Personal Small Business Enterprise

How to Protect Your Business Against DDoS Attacks

Now that you know what distributed denial of service (DDoS) attacks are and the impact they can have on your business, one big question remains: what can you do to protect your digital assets and infrastructure? At the highest level, you need a solution that can tell the difference between normal and malicious traffic – and then mitigate attacks quickly and with precision. But just as DDoS attacks vary in type and execution, not all protection measures are created equal.

Protect more than just your network

DDoS attacks are about more than just clogging your Internet pipe. According to Radware’s Global Application and Network Security Report, only half of all attacks are volumetric – drawing on the brute force of thousands of bots to tie up network bandwidth. The other half target applications, exploiting weaknesses in protocols like HTTPS, DNS, SMTP and FTP to exhaust application resources and make the apps themselves unresponsive.

Attackers are increasingly using blended attacks to hit the network, server and application layers simultaneously. This means you need to be able to protect against all types of attacks – whether they’re targeting each layer individually or in a more coordinated assault.

On-premises equipment alone won’t cut it

Many businesses don’t always invest in comprehensive security services because they believe their firewall or intrusion prevention system (IPS) is enough to protect against DDoS attacks. Having a firewall or IPS is essential – but it should not be your only line of defence simply because these devices are stateful. This means they track the state of all connections and transactions in order to filter them properly, and so they can also become overwhelmed by DDoS attacks. Even the strongest firewall will crash when dealing with too many open requests – literally opening the floodgates to malicious traffic.

Take a hybrid approach to DDoS protection

The ideal approach to DDoS protection includes both on-premises equipment (which offers greater control over when and how to mitigate an attack) and either cloud-based scrubbing or upstream detection and mitigation in the network.

With cloud-based scrubbing, when an attack is detected, all traffic is routed through a third-party cloud provider for filtering. Only legitimate traffic gets sent on to your site. Because your on-premises equipment no longer has to deal with a flood of traffic, it can focus on keeping your servers and applications up and running.

Yet cloud-based services come with a window of vulnerability: it can take up to an hour from the time an attack is detected to when the route announcement begins to propagate. In the meantime, malicious traffic is landing at your doorstep — and if we’re being realistic, it can take far less than an hour for an attacker to bring down your site. In addition, most scrubbers are located outside of Canada, which might violate your corporate or regulatory data-management requirements.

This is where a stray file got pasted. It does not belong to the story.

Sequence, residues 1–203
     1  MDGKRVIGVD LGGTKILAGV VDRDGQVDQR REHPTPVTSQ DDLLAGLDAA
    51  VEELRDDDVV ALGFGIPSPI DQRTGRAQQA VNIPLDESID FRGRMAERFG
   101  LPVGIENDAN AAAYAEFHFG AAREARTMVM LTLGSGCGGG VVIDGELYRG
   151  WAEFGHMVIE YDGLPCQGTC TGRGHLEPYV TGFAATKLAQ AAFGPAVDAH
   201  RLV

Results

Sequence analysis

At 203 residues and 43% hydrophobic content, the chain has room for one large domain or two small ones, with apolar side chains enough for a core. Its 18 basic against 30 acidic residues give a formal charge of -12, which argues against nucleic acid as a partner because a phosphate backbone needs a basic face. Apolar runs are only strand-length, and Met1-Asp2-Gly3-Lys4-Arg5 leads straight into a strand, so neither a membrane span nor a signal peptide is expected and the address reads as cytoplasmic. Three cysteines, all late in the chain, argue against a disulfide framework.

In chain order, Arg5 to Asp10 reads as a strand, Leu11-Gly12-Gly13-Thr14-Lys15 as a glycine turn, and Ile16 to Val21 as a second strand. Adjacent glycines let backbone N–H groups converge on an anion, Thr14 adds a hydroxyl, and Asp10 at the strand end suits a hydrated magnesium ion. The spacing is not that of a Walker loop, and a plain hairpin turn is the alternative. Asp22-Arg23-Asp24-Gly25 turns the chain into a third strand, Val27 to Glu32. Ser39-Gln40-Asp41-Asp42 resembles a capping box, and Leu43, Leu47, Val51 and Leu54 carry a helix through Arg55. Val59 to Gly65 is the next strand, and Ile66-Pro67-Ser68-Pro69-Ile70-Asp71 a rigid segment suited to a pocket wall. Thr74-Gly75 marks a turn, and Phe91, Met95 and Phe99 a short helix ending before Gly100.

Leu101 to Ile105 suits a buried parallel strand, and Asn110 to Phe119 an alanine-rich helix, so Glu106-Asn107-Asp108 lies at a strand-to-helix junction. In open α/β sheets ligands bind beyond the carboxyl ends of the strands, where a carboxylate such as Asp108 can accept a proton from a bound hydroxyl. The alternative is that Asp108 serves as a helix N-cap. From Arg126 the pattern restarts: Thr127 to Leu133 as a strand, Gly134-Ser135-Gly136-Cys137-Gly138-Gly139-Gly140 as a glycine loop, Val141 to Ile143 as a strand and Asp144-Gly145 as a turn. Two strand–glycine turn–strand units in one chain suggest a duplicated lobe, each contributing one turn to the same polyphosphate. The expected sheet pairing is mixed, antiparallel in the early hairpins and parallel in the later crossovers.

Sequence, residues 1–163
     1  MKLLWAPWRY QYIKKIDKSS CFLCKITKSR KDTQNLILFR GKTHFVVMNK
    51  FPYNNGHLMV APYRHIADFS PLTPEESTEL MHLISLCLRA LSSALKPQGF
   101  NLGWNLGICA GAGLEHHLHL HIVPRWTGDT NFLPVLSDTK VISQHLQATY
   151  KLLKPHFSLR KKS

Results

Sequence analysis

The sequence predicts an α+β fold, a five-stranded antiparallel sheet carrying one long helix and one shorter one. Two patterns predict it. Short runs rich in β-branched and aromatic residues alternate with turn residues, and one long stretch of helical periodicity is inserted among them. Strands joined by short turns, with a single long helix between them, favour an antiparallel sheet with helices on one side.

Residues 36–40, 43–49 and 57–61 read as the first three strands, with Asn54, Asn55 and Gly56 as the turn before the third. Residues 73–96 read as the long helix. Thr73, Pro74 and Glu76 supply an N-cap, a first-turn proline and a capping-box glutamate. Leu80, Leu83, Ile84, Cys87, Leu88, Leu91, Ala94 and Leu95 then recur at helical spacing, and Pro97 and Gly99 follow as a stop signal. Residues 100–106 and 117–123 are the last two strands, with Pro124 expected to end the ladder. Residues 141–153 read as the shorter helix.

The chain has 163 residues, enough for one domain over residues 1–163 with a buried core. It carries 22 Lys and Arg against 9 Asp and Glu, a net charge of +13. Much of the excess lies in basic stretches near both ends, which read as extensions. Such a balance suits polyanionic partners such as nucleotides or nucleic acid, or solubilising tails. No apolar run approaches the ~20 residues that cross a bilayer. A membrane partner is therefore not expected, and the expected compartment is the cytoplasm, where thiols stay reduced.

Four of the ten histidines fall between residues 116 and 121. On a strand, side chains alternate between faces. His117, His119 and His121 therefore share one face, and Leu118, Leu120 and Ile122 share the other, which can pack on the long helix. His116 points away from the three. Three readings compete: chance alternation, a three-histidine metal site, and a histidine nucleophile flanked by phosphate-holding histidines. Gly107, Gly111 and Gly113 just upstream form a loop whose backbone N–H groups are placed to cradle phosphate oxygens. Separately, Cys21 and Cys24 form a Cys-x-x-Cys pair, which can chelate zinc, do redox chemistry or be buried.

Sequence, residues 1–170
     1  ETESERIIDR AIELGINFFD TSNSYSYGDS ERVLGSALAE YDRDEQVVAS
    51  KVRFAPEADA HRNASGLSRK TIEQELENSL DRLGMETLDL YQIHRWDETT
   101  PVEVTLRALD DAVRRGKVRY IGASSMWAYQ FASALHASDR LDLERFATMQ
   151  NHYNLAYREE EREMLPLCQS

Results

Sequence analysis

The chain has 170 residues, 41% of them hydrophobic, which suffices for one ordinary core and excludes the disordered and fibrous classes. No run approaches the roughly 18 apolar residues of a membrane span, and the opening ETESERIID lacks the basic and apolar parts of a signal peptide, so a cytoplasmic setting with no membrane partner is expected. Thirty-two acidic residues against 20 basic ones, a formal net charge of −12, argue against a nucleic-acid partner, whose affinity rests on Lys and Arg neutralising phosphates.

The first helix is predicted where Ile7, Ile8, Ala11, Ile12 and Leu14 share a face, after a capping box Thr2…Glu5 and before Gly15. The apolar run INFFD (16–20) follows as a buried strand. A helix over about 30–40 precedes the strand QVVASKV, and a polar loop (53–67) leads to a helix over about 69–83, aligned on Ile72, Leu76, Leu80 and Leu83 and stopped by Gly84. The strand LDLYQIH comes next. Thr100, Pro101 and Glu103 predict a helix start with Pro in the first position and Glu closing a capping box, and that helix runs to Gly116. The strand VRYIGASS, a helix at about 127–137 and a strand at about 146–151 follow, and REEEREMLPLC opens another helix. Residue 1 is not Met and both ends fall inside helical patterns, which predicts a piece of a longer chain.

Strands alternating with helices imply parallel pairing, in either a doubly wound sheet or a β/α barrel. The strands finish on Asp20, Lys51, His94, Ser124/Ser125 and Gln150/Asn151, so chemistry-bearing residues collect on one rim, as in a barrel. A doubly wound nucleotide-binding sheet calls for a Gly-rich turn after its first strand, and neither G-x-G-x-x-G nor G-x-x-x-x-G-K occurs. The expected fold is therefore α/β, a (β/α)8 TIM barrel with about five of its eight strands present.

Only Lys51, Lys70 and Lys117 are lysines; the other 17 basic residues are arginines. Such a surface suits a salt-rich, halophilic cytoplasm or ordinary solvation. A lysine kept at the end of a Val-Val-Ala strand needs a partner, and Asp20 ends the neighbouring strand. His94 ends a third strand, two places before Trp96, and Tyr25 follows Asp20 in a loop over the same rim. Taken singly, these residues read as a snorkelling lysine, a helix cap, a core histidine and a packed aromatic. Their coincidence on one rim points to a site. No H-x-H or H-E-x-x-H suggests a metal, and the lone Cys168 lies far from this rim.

With upstream network detection, both volumetric and application-layer detection and mitigation takes place in the network itself – before the traffic even has a chance to reach your business. It’s offered by network service providers with advanced security capabilities, as they are in the unique position of implementing the required detection and mitigation mechanisms from within their own network. Compared to cloud-based scrubbing, latency is minimized: an attack can be mitigated within 30 seconds of detection. Plus, by addressing packet anomalies and other bandwidth-intensive ‘noise’ upstream, you can benefit from more efficient Internet consumption as there is less chance of it being consumed by unnecessary traffic.

 Key questions to ask when evaluating DDoS protection services

 When evaluating potential security providers for DDoS protection services, consider the following:

  • Does the service protect across the application, server and network layers?
  • Is the service provider located in Canada – and is that important for your business?
  • Can your network tolerate latency from traffic redirection and scrubbing?
  • Do you rely on encrypted traffic to engage with clients, process transactions or transfer sensitive data?

A provider like Bell is in a strong position to offer network-based DDoS protection because Bell owns and operates Canada’s largest IP network – and that enables Bell to see the big-picture view of possible threats to businesses on the network. If you’re interested in learning more, read about the Bell Network DDoS Security service here.

Corey Still is a Network and Cyber Security Professional at Bell.

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